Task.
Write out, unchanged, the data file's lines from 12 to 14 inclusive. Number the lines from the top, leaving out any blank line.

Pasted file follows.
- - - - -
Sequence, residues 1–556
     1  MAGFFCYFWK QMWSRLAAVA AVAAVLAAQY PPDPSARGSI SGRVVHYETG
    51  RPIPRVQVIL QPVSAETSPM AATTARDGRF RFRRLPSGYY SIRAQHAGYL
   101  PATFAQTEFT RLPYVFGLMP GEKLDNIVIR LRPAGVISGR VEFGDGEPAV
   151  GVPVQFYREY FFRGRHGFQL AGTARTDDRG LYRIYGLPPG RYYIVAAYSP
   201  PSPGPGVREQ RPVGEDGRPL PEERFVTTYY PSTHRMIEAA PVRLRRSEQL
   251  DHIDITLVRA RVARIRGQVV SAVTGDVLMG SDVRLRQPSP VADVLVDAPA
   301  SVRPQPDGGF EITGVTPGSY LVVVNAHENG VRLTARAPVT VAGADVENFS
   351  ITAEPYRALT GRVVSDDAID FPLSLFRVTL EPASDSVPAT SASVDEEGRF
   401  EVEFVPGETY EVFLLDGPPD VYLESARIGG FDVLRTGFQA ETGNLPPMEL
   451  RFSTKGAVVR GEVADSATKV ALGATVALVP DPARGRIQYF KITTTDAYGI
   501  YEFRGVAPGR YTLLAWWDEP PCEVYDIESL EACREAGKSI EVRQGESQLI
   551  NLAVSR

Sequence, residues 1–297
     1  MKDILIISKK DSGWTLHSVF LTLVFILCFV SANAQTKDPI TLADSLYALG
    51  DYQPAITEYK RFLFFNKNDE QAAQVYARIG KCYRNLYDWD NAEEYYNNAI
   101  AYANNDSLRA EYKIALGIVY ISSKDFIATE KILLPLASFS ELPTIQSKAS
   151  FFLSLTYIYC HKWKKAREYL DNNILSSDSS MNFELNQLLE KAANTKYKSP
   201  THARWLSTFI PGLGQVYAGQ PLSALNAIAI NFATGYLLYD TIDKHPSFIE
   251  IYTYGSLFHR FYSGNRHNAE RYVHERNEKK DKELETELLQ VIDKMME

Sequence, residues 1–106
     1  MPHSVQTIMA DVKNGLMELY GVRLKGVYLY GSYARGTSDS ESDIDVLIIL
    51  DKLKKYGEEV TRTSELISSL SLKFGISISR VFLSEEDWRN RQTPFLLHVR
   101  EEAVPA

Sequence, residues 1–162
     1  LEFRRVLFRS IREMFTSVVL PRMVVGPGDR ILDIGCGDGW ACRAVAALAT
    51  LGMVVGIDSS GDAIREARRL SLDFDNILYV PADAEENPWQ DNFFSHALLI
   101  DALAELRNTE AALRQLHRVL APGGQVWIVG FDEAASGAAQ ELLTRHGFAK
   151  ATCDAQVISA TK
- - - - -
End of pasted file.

   501  YEFRGVAPGR YTLLAWWDEP PCEVYDIESL EACREAGKSI EVRQGESQLI
   551  NLAVSR

Sequence, residues 1–297